Kellie G. Olah
SPHR, CVPM, SHRM-SCP
HR Huddle columnist Kellie Olah is the practice management and human resources consultant at Veterinary Business Advisors. The company provides legal, human resources and practice management services to veterinarians nationwide. Olah is a certified veterinary practice manager, a certified veterinary business leader and a nationally certified senior professional in human resources.Read Articles Written by Kellie G. Olah
The forgery of pet vaccination papers, a sham that leaves cats and dogs vulnerable to diseases they’re supposedly protected against, isn’t new. One heartbreaking and almost tragic situation occurred in England after a family adopted a cocker spaniel from a breeder. The new owners thought they’d done their due diligence, but the puppy, named Cooper, became quite ill with parvovirus. His veterinarian was suspicious of Cooper’s vaccination record because it lacked signatures and dates. Fortunately, Cooper survived.
Meanwhile, a Florida dog breeder was charged with forging a veterinarian’s signature on fake pet certifications. And in another disturbing example, enough forged rabies records circulated in Maine a few years ago that the state opened an investigation.
In one sense, phony animal vaccination records are comparable to fake COVID-19 vaccination documents, but a key difference exists: The patient named on the COVID paperwork knows that it’s fraudulent, while pet owners trust the seller, who might be perpetuating fraud.
Here are six ways veterinary professionals can address the problem.
1. Scrutinize Everything
When a client brings you a new pet’s records, examine them closely, and train your staff to do so, too. In the example out of England, the vaccination card wasn’t signed or dated. That’s an obvious red flag. In the second example, a scammer forged a veterinarian’s signature, which might not be as easy to catch. However, a team member who knows the veterinarian might notice the discrepancy.
Here are additional safeguards for checking a document’s authenticity:
- Veterinarians usually peel a label showing the lot and serial number off the back of a vaccination dose and stick it on the appropriate medical record. A missing label should raise concerns.
- Veterinarians should document vaccinations in patients’ electronic charts, so check those. Does everything match?
- If a vaccination record looks suspicious, compare the lot number and serial number to your records. Is it in your inventory history? If not, maybe call your distributor to see if the numbers are legitimate and to match an order history.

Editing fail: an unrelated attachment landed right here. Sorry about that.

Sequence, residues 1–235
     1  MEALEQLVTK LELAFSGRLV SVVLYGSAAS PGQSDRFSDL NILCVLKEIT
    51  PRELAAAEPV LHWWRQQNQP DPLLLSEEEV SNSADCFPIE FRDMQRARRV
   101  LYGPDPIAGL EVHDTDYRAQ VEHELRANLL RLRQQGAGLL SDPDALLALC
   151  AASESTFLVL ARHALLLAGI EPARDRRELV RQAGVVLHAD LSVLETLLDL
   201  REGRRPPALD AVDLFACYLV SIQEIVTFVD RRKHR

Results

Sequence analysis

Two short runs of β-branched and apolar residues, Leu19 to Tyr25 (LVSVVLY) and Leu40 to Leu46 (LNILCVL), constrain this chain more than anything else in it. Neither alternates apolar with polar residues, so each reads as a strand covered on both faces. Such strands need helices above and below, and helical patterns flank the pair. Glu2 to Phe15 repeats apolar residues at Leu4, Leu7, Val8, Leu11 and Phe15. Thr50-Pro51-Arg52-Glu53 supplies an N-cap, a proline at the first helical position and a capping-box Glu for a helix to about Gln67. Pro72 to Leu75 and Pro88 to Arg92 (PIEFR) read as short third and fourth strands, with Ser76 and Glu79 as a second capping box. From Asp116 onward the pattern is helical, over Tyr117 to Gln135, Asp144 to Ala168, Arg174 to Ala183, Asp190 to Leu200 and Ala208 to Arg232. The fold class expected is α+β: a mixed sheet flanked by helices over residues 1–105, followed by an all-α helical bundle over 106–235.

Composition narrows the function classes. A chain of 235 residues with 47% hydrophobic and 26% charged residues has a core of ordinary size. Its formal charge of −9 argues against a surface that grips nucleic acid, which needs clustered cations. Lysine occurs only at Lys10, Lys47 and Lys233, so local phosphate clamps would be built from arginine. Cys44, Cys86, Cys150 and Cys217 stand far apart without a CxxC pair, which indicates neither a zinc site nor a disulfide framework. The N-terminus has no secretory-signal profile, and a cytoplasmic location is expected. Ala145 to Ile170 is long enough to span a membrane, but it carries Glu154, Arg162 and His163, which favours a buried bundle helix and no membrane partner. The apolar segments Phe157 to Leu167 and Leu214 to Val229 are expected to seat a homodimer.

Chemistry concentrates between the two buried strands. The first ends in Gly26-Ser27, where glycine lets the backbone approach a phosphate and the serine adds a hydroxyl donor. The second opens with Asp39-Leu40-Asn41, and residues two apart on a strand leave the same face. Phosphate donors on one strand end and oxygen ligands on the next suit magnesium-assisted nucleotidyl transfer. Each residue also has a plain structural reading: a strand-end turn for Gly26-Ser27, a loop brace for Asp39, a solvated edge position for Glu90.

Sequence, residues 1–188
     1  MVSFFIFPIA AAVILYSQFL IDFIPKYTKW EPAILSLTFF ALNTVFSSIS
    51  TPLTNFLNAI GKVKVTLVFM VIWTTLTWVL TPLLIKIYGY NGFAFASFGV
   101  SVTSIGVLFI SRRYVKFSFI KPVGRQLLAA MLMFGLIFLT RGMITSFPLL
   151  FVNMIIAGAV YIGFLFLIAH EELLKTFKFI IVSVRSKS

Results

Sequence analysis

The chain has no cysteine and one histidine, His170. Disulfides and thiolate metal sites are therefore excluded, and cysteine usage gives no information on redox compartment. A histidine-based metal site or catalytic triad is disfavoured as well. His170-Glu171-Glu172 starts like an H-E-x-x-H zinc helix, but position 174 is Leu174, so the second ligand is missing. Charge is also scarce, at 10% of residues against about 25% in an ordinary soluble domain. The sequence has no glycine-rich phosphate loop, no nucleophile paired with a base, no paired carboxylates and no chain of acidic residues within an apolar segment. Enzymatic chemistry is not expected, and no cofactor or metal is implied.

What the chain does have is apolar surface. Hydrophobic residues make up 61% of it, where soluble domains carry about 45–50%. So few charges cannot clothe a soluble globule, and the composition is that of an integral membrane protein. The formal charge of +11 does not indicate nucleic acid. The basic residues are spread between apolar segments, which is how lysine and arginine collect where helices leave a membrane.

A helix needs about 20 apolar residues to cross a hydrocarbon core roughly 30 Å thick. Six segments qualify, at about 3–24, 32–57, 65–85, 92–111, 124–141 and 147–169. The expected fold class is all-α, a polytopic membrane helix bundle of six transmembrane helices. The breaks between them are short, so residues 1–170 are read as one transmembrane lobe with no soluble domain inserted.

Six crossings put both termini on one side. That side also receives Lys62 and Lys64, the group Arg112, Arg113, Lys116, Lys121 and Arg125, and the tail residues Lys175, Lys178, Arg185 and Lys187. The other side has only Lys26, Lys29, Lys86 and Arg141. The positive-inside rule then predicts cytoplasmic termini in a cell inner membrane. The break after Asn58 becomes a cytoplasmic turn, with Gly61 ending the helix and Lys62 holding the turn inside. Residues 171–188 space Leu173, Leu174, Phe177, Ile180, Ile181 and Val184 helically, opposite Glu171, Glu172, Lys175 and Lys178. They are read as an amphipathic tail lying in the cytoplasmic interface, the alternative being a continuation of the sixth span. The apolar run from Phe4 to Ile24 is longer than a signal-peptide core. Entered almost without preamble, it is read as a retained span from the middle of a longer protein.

Those strategies won’t help you catch all scams, but they build a good foundation.
2. Pay Attention to the News
Whether you’re reading a newspaper or industry e-newsletter, look for articles about fraudulent behaviors in veterinary medicine and make sure your team is well informed. A scammer in your area likely follows a pattern you might spot if you’re alerted to it.
- Monitor the Better Business Bureau Scam Tracker at bit.ly/3saLc54.
- Visit petscams.com, where you’ll find a list of suspected scammers. You then can compare names, email addresses and websites against the documents you receive.
- Check a similar list at bit.ly/3TDxi79 from the International Pet and Animal Transportation Association.
3. Contact the Other DVM
If no one signed the vaccination card or a signature looks suspicious, consider contacting the purported veterinarian. Don’t accuse anyone of anything. Just tell the client you want to ensure the records are complete. How pet owners respond could provide clues to the veracity of the records.
In the Florida case, that’s how a veterinarian discovered the con.
4. Report Scams
If you suspect a scam, alert your state’s veterinary licensing board. Your clinic might not be the only one doing so, which would establish a pattern.
Other places to report fraud include:
- Federal Trade Commission (877-382-4357).
- FBI’s Internet Crime Complaint Center (ic3.gov) if components of the deception took place online.
- International Pet and Animal Transportation Association.
In the Maine rabies scandal, a deputy tax collector noticed that a certificate didn’t look right. She called the veterinarian, and the clinic contacted state authorities.
5. Question the Pet Owner
Be careful not to libel or slander anyone, so do your due diligence before discussing a suspicious vaccination record with a client. The news that a pet might not be protected could come as a shock.
6. Educate Your Clients
Recommend ways that a client can investigate a dog breeder before buying a new pet. Maybe place pamphlets in the lobby or post a notice on your website and social media channels.
If you know a client is considering an animal from a breeder, you could offer a consultation. For example, reputable dog breeders should have American Kennel Club certifications. Also, if a breeder sells animals at bargain-basement prices or hesitates to have a potential buyer see the pet ahead of time, those are red flags.
According to petscams.com, Christmas is the most profitable time of the year for scammers claiming to sell pets that do not exist. “We unfortunately see an increase of up to 25% in victims in the run-up to Christmas, particularly in November and December,” blogger Mark North wrote.